April 15, 2014


For the sweetest deal in real estate, call me!
Part way through a coffee meeting, a real estate agent gave me a tiny box the size of a business card and the thickness of a deck of cards.

The page on top was more like photocopier stock than card stock.
It had two messages:
  • “For the sweetest deal in real estate, call me!” and
  • “Oh, by the way … I’m never too busy for any of your referrals!”
One business card was taped underneath. Below that was a small box that held three small football-shaped Lindt chocolates that looked nothing like the photo.

What Effect?

The agent’s intentions were good but was this approach effective?

Virtually anyone can use the same message: “For the sweetest deal in (fill in the blank), call me!” and who would refuse referrals?

If you get the sweetest deal, doesn’t the other side gets the bitterest deal? Maybe a sweet deal is better and leads to less cavities.

The Perfect Gift

The perfect gift is significant, personalized and unexpected, according to Robert Cialdini. Does chocolate qualify?
  • significant? No since we have lots of chocolate at home. Besides, I got a normal box of Lindt truffles at another event.
  • personalized? Partially since my name was added to a pre-printed sheet. I would have preferred a fully handwritten card.
  • unexpected? No since I saw the box the whole time and knew the purpose (best to hide it)
The chocolate was probably on sale at the nearby Lindt Factory Outlet. I paid for our coffees, which probably cost more. Also, I was spending something much more valuable, my irreplaceable time. I felt let down at what looked more like unsubtle manipulation than generosity.

The Ask

A tiny box of chocolates from an outlet is cheap. Real estate is expensive. How does one small gift lead to a big commission? Repetition helps but are we likely going to get chocolate on a regular basis. Do we even want more?

Besides, there are lots of real estate agents that look interchangeable. How do you pick one? Chocolate gives no indication of skill (e.g., in negotiating).

A Better Approach

Timely ongoing information makes a much more useful gift. The content could be about the area of specialty, real estate. Not the generic articles that come with the junk mail every month. But something original that shows a genuine desire and ability to help prospects. The value and name recognition builds with consistency.

Emailing information via a newsletter allows tracking and cost-effective scaling. Buying and delivering chocolate does not.

Standing Out

We've dealt with real estate agents for ages. Not a single gave such a small gift. Not a single one gave useful ongoing information either. There's an opportunity to stand out.

Asking for a referral when giving the chocolate is bold — too bold for a first meeting. Would small bait land a big referral?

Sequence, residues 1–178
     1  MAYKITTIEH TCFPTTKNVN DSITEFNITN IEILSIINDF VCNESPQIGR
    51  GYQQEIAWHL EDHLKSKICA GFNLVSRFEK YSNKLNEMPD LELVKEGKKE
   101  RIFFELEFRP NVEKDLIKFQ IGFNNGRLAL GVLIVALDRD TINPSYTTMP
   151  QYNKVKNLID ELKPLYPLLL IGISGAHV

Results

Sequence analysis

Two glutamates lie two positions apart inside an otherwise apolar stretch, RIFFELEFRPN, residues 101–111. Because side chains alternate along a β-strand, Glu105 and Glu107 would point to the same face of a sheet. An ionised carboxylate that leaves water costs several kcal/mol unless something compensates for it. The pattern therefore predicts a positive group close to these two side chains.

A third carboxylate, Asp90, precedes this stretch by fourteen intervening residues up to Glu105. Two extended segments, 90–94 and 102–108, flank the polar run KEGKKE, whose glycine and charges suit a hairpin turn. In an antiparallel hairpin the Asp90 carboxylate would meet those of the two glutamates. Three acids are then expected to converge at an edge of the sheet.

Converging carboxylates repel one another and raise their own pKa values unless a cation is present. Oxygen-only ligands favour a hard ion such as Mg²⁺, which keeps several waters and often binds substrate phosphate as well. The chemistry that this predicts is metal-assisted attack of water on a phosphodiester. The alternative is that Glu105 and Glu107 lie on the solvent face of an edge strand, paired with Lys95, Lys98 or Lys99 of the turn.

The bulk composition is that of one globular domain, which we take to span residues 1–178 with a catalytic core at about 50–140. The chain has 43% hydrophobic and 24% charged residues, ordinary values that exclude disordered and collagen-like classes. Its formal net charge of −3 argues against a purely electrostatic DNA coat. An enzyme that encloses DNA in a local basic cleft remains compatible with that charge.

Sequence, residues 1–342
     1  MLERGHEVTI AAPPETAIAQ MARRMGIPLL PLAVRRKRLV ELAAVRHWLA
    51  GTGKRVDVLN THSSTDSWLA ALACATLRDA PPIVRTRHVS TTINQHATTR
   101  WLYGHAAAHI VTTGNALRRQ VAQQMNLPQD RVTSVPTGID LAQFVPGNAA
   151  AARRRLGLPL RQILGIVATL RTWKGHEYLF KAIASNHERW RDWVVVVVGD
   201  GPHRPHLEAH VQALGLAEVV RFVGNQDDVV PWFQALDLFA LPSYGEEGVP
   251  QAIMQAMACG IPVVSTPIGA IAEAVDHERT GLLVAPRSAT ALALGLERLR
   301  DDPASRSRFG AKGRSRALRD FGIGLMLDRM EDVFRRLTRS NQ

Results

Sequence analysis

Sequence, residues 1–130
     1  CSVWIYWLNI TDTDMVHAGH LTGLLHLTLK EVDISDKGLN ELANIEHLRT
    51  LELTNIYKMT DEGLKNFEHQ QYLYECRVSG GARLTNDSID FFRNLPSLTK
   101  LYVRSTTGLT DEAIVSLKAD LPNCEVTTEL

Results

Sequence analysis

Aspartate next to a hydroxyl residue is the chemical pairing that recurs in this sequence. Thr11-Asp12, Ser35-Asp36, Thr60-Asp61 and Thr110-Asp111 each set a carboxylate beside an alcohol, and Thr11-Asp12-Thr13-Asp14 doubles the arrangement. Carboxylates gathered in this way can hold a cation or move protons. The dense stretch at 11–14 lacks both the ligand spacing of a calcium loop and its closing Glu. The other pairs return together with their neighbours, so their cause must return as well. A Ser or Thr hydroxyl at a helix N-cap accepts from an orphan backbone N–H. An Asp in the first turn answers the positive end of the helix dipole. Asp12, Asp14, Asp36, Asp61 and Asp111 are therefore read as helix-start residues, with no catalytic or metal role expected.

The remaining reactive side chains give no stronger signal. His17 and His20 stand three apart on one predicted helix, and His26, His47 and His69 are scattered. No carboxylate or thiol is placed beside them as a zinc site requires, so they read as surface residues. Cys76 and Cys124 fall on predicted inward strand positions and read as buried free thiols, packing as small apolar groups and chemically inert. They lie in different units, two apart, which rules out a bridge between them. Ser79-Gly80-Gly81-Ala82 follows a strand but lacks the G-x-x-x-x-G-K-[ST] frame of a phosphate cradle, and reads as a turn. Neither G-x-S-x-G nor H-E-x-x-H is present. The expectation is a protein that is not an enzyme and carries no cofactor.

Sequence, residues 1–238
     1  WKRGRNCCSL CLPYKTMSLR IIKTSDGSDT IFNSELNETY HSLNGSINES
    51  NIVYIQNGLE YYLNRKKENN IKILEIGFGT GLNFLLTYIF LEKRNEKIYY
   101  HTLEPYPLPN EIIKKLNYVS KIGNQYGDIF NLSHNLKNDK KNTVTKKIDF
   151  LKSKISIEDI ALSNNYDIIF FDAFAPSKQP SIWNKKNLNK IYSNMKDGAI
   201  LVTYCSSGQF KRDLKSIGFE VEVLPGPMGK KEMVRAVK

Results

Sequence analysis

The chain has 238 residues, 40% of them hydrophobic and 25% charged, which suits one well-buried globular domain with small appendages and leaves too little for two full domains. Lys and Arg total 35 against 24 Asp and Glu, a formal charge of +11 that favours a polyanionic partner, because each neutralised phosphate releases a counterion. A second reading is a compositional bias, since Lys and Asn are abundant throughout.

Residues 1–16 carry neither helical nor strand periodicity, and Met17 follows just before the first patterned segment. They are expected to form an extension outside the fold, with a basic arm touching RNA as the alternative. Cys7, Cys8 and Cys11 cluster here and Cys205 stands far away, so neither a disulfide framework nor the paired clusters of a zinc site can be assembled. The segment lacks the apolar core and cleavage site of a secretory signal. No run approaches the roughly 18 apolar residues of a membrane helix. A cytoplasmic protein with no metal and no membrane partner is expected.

How was the chocolate? I don't know. I gave it to a child who might appreciate something that small.


PS Another gift, is paying attention to what your clients are doing and helping them succeed.

April 9, 2014


baseball - cancel a pitch?You’re ready for your important meeting. You arrived early. You dressed well. You printed the slides in case their projector doesn’t work. You have your presentation on a memory stick and your computer. You’ve got nice packages to leave behind. You practiced and practiced. They expressed interest in what you offer.
Then things start going wrong.

The meeting starts late. Some of the planned group don’t attend even though they are in the department. The ones who do show up seem distracted. What do you do?

Keep Calm and Carry On?

It's tempting to push ahead. After all, you’re ready. They need your help. Your presentation is powerful. They’re bound to be swayed and able to convince the decision makers who aren’t there. Maybe … but you're taking a big risk. You can't tell how receptive they are because you don't know what else is going on in their heads.

If you're giving a pitch and they're not listening, stop.

You gain little by continuing. Maybe they never really wanted to see you. If they agreed to meet, that seems unlikely because their time is valuable. It’s more likely that something unexpected happened.
We can't tell what's going on in someone's life. There could be a personal emergency or a work crisis. You don't know. Maybe they decided to buy from someone else.

Another Time

They may tell you to proceed anyway and ask for handouts for the ones who aren’t there. Is complying in your best interest? You risk diluting your impact.

Consider rescheduling. This is difficult if you flew in from another city but easy if you're local. Yes, you wasted your travel time but you’re giving them a valuable gift: unexpected free time. You invoke reciprocity, the #1 universal principle of influence. They’ll likely agree to meet again. They may even reveal why they’re unprepared at the moment.

By rescheduling, you show that you’re observant, generous and considerate. Isn't that the sort of person they want to do business with?

Next Time

What will you do differently next time? If potential clients tend get distracted by the bustle in their office, pick a different location. If they get answer each phone call, pick a quieter time. When they're out of their environment and deviating from their normal routine, you have a better chance at their attention.

When do you get the best results in business meetings? Maybe mornings early in the week beat afternoons late in the week. If you're not able to schedule a meeting at an optimal time, maybe you're better off waiting until you can. If they're busy in the morning, how about meeting for breakfast before their normal day starts?


PS By rescheduling, you gain free time too. Maybe you beat the traffic back. And get an idea for a blog post.